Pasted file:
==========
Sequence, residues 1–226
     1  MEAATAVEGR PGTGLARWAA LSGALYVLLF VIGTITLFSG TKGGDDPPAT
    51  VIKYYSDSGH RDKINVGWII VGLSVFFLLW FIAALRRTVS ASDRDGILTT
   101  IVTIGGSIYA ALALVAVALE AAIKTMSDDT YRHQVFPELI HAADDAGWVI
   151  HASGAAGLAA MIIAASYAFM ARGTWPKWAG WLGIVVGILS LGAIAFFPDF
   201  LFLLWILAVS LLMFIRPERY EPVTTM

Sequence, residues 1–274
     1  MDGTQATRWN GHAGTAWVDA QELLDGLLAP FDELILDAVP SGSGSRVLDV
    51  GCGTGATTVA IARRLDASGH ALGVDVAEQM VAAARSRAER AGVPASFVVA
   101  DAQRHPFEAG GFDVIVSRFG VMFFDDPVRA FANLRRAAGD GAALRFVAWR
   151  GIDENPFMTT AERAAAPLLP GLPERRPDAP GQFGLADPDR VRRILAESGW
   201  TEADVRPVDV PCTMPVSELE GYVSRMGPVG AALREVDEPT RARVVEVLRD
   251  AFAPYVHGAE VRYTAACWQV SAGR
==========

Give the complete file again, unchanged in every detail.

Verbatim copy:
Sequence, residues 1–226
     1  MEAATAVEGR PGTGLARWAA LSGALYVLLF VIGTITLFSG TKGGDDPPAT
    51  VIKYYSDSGH RDKINVGWII VGLSVFFLLW FIAALRRTVS ASDRDGILTT
   101  IVTIGGSIYA ALALVAVALE AAIKTMSDDT YRHQVFPELI HAADDAGWVI
   151  HASGAAGLAA MIIAASYAFM ARGTWPKWAG WLGIVVGILS LGAIAFFPDF
   201  LFLLWILAVS LLMFIRPERY EPVTTM

Sequence, residues 1–274
     1  MDGTQATRWN GHAGTAWVDA QELLDGLLAP FDELILDAVP SGSGSRVLDV
    51  GCGTGATTVA IARRLDASGH ALGVDVAEQM VAAARSRAER AGVPASFVVA
   101  DAQRHPFEAG GFDVIVSRFG VMFFDDPVRA FANLRRAAGD GAALRFVAWR
   151  GIDENPFMTT AERAAAPLLP GLPERRPDAP GQFGLADPDR VRRILAESGW
   201  TEADVRPVDV PCTMPVSELE GYVSRMGPVG AALREVDEPT RARVVEVLRD
   251  AFAPYVHGAE VRYTAACWQV SAGR